Ombudsman probes local gov’t execs over illegal dump sitesFebruary 10, 2016
The Office of the Ombudsman on Wednesday officially started its probe of around 600 local government officials throughout the country over illegal dump sites and other violations of the Ecological Solid Waste Management Act of 2000.
During the ceremonial filing of affidavit-complaints of the National Solid Waste Management Commission at the Ombudsman central office, the complainants led by commissioner Romeo Hidalgo of the Ecowaste Coalition said the officials violated Republic Act No. 9003.
A total of 50 complaints were filed, covering local officials in 50 local government units over 13 administrative regions.
The complainants said mayors, vice mayors, and local legislative officials “conspired in committing the violations of R.A. No. 9003,” noting that they have “the mandate to establish policies and having control over the funds of the city.”
“Ang daming batas na magaganda pero walang nangyayari,” an emotional Hidalgo said after taking oath before the ceremonial filing.
(There are many good laws to implement but nothing happens.)
According to R.A. 9003, “no dump sites shall be established and operated, nor any practice or disposal of solid waste by any person, including LGUs (local government units), which constitutes the use of open dumps for solid wastes, be allowed after the effectivity of this Act, every LGU shall convert its open dumps to controlled dumps.”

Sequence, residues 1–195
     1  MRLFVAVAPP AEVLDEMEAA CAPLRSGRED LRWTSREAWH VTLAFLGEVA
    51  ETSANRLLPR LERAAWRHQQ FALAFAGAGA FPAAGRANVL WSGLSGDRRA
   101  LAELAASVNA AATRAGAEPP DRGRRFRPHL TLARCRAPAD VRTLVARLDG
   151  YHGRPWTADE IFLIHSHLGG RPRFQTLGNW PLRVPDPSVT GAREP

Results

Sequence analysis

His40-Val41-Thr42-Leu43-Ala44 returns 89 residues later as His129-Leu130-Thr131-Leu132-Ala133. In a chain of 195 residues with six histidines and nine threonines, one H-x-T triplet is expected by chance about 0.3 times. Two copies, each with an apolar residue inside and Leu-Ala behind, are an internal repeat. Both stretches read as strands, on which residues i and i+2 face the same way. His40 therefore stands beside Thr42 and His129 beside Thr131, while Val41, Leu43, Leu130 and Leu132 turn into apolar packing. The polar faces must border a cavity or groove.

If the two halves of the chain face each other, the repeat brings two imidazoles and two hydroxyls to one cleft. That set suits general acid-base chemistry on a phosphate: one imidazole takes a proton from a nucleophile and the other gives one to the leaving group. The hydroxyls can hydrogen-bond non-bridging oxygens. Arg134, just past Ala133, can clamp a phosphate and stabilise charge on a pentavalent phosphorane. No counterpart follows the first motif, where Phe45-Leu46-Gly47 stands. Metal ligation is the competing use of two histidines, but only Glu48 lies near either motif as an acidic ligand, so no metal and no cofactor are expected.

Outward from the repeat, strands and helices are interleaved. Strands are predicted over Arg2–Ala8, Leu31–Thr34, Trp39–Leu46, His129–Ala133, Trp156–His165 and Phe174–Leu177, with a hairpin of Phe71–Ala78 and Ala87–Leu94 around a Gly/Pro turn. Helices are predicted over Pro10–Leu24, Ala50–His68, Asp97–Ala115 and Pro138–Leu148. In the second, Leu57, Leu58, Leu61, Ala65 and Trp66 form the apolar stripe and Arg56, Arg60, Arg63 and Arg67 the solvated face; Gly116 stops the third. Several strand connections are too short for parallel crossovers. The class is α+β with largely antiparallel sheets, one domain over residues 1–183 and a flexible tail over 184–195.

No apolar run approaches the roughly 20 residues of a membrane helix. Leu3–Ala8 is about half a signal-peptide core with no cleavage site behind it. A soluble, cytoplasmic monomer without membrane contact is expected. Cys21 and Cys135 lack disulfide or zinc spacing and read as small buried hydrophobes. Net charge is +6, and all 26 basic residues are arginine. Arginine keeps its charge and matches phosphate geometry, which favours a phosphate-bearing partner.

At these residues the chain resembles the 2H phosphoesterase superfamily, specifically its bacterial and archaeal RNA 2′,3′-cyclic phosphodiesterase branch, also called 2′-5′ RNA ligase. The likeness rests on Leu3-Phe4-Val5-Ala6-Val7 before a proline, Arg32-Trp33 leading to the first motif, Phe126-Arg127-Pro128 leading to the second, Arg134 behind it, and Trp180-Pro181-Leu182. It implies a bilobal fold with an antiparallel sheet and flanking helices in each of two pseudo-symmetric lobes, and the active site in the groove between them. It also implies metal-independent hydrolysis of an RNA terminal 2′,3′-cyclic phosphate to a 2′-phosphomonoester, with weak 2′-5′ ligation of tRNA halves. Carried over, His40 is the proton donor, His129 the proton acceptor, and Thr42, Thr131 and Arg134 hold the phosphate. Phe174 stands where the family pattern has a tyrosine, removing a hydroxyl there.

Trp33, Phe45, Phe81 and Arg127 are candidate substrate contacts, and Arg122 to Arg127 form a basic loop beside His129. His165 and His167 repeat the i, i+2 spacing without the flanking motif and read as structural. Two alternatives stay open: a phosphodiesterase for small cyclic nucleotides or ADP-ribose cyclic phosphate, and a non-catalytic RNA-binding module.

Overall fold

Noting that waste management is a “staple government service,” Ombudsman Conchita Carpio-Morales vowed to act on the complaints with firmness.
“Nature has accorded humanity with everything beautiful but humanity has willfully destroyed it… Cleanliness gauges the degree of civilization of society yet people still disrespect Mother Nature,” Morales said.
“We assure you that we will firmly act on your complaints consistent with the law and internal rules as well as due process,” she added.
Sen. Loren Legarda, principal author of the law and chair of the Senate committee on climate change, admitted that “we are still far from 100 percent compliance rate” even after 15 years since the law was passed.
“It was in 1998 as a first-term senator when I passed the act. It was in January 2001 when it was finally signed, and I thought as naive and optimistic as I was… I thought it was immediate overnight and magic,” said Legarda, who attended the ceremonial filing.
“When you enact law in this country, it’s just a recommendation and that’s where my frustration came in,” she added.
Legarda said 15 years was “too long a grace period” for compliance, especially that there were LGUs in areas notorious for illegal dump sites that were able to comply.
However, the lady senator expressed hope that the upcoming national elections in May would advance environmental issues in the national agenda.
“It is also my hope that as the campaign period started yesterday, I hope all our candidates would refrain from posting their paraphernalia on trees, heritage buildings and public infrastructure,” Legarda added.
The filing was part of the Environmental Ombudsman’s program launched in 2013, in coordination with the Department of Environment and Natural Resources’ Environmental Management Bureau. The Ombudsman launched a three-year campaign “to increase awareness of, and promote voluntary compliance with R.A. No. 9003,” directing LGUs to conduct “respective self-assessment as to their compliance status and to voluntarily implement corrective actions.”
Also present in the filing were Overall Deputy Ombudsman Melchor Carandang, Environmental Ombudsman and Deputy Ombudsman for Luzon Gerard Mosquera, lawyer and environmental advocate Antonio Oposa Jr., and representatives from Zero Waste Coalition, Mother Earth Foundation Inc. and Philippine Center for Investigative for Journalism.